inside of the Ear – Two weeks ago there was observed
a restless ↑involuntary↑ motion in the Leg & Arm of the left side & at
times in the Muscles of the Face & Tongue. The Fingers of
that hand generaly clenchd on the Thumb –– She had a Diffi¬
culty in articulating
& altho she could lift up that arm
could not guide her hand to her mouth so as to feed her
self & when assisted eat in an awkward slovenly manner –
The use of her Leg was as imperfect as her arm so that she
could not walk & these involuntary motions at times
affected both sides, tho {illeg} not in so great a Degree as



[Page 2]

the Left arm & Leg seemd flaccid & left much colder than
the other –– Upon the whole she looked ill & was
wasted
–– Her appetite not quite so good as formerly
her Belly Costive – I might have savd this long description
by referring you to Sydenhams very accurate account of
the Chorea sanctii Vitii. 1


Suspecting there might be
worms she was purged twice or thrice with Calomel &
Pulv Rhei – For Costiveness got Glysters with Oile & Honey
& some of the antispasmodics such as assafetida joind with
them – No appearance of Worms from these nor was
she in the least releived – A Blister applied to her
neck while it gave her paine lessend the involuntary
motions
of the face – Another applied to the arm had
the same success there, ↑but of no continuance↑ – About a Week ↑ago↑, I begun her
with the Cold Bath & gave her twice a Day small
Doses of the Mar preparatus – At night she gets
two Tea spoonfuls of the Sem Sinapi not bruisd partly
with a view to regulate her Belly – It has had that
effect & these involuntary motions are less frequent
she has got her appetite, her strength is somewhat better
she walks & speaks better at times & we think her
better tho far from well – The left side is now as warm as
the other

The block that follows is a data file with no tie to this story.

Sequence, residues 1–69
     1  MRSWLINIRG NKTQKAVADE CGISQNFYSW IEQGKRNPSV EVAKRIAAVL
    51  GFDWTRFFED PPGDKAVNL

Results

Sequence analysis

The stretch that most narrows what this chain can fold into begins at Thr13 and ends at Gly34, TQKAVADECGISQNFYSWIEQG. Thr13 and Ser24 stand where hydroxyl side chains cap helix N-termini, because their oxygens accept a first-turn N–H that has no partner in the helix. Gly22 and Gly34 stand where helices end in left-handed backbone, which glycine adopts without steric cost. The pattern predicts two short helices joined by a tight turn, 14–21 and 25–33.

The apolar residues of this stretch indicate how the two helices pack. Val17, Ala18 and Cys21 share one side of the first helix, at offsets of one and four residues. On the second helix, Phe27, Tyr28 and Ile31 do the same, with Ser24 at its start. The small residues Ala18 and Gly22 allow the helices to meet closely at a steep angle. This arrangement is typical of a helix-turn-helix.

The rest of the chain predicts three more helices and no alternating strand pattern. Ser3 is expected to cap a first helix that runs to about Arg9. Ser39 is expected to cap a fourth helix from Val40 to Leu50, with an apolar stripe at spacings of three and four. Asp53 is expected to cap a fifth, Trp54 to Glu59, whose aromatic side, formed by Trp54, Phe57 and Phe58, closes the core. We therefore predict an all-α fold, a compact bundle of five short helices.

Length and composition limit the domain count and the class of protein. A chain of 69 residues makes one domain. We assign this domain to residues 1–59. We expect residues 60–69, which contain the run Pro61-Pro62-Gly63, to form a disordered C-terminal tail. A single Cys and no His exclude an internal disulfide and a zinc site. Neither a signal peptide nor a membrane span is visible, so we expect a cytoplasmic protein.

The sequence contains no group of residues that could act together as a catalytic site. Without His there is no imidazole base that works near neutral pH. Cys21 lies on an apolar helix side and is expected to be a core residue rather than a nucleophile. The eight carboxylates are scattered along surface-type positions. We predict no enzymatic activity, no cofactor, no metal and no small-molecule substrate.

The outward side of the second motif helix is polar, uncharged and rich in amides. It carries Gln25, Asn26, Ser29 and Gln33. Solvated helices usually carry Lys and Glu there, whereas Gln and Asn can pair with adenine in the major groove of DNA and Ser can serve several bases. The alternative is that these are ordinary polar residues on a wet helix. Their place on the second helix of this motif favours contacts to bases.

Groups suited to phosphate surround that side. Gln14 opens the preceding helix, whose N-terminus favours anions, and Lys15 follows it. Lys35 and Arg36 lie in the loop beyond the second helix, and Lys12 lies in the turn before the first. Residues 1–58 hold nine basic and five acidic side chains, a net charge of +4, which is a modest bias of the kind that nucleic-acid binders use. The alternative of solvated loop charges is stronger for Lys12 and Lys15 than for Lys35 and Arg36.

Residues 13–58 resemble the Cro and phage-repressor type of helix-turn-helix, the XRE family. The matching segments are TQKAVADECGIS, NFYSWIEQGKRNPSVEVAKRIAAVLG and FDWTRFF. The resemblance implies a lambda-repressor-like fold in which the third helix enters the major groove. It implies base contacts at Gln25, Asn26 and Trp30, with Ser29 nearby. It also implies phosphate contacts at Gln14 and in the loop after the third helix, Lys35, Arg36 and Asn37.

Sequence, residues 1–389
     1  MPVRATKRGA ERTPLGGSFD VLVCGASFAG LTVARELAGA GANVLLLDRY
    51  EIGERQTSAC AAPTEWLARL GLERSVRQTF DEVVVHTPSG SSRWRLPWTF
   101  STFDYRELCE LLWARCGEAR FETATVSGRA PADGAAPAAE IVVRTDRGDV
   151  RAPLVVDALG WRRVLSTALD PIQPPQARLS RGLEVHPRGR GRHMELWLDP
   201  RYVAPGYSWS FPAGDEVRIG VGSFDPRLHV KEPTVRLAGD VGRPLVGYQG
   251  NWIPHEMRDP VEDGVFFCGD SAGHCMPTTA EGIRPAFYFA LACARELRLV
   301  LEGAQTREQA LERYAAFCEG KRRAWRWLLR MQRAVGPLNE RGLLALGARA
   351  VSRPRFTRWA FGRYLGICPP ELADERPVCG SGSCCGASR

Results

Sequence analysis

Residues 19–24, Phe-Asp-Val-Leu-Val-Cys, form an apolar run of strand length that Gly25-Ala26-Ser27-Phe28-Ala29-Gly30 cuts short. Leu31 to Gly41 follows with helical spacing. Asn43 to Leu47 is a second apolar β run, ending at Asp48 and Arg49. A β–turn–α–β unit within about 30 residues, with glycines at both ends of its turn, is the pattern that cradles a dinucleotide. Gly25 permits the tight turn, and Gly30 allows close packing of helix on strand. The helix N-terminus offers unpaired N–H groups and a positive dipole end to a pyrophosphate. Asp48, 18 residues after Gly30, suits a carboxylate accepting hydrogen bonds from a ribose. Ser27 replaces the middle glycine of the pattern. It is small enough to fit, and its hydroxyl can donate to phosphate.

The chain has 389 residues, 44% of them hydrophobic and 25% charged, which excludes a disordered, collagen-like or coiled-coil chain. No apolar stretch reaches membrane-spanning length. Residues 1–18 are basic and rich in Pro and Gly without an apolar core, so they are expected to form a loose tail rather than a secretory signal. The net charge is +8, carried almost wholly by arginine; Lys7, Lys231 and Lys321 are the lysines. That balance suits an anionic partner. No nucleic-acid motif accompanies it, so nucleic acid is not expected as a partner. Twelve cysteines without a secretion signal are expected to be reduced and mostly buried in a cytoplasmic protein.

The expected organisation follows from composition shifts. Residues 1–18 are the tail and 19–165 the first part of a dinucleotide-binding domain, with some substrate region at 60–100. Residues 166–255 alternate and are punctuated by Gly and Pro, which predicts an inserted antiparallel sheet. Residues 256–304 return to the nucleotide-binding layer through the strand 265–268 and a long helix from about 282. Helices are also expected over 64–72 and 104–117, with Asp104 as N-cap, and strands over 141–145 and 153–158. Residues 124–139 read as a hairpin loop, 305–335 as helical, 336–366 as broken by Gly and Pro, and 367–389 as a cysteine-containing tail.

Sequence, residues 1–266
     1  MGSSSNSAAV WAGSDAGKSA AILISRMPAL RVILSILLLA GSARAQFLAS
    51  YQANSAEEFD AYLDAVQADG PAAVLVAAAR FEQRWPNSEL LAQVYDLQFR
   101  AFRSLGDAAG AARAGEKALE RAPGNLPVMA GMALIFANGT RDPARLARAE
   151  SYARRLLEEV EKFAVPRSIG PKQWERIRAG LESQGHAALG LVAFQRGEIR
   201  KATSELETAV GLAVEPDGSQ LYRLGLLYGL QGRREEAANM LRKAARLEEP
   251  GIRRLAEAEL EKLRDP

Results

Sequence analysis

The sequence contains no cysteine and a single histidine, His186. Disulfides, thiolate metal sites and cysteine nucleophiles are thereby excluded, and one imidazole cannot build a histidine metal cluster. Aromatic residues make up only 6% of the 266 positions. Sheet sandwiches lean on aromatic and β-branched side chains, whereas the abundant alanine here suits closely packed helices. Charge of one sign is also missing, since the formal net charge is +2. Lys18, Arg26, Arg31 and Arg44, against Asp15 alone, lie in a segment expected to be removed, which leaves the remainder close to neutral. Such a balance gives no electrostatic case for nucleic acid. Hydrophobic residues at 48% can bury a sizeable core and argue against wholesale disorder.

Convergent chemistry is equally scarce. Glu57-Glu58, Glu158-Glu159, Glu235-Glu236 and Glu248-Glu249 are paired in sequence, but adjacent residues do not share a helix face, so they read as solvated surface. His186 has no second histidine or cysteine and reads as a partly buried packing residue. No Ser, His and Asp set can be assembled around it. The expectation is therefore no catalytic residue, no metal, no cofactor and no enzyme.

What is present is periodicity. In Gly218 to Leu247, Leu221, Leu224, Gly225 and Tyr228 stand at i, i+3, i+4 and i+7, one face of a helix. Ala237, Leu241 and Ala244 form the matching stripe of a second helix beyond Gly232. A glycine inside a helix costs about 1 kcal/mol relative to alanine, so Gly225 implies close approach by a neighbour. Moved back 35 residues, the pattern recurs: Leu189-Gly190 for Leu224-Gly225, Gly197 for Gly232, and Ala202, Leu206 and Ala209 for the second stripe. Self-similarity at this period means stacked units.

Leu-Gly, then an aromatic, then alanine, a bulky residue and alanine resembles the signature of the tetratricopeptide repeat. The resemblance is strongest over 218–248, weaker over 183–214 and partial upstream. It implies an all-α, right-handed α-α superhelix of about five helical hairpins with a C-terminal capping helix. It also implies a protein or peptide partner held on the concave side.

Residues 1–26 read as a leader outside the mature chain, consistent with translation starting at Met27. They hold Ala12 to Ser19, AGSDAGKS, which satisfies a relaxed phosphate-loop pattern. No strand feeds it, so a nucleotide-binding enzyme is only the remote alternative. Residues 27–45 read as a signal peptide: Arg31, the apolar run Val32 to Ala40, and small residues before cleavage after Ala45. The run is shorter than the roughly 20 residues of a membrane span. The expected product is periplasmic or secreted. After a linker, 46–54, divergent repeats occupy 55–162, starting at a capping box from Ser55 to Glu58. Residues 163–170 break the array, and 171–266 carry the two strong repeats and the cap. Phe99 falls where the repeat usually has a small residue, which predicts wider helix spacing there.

[Page 3]

she goes out in a Chaise every Day – Used no [Tea?]
dines generaly on white flesh & gets a litle Wine –
I shall beg to hear from you as soon as you can –


I wrote you about a Week ago I then mentioned
Mr Devon who is no better _ He goes to the Country
to drink Goat Whey in the Season – I cant help continuing
to think of his Case as formerly.


with my best wishes
to all your Family I am with all possible esteem
DDear Sir
your most affectionate &
[most obligd humble?] Servant
James Saunders


P. S. I think I have omitted nothing
but that ↑long↑ previous to this illne[ss?]
a Rash has appeared on her {illeg} nor could
I by any observation conn{illeg} {illeg} her complaints she rests
well in the night times


Banff 7th Aprile
this Letter will be de[livered?] by General Abercromby &
his Lady – The young Lady is a niece of the
Generals –




[Page 4]


To
[Doctor?] Cullen
Physician
Edinburgh


Sanders about
Abercrombie's Niece
April 7. 1776
Vol. V. p. 16

Notes:

1: See The Whole Works of that excellent practical physician, Dr. Thomas Sydenham... (London: 1697), p. 530. Cullen admired Sydenham, who pioneered the importance of studying accumulated reported cases. In the early 1750s Cullen had planned to publish his own translation of Sydenham's writings but the project never materialised.

Diplomatic Text

[Page 1]
Dear Sir


I give you the trouble of the following Case of a young
Lady a Patient of mine whose parents are no less anxious than I
am to have your advice –– She is aged eight years tall for her
age remarkably lively & agile at all exercises peculiar to
her time of Life – She has been formerly very healthy & got
over the Small Pox & other infantile Diseases – About four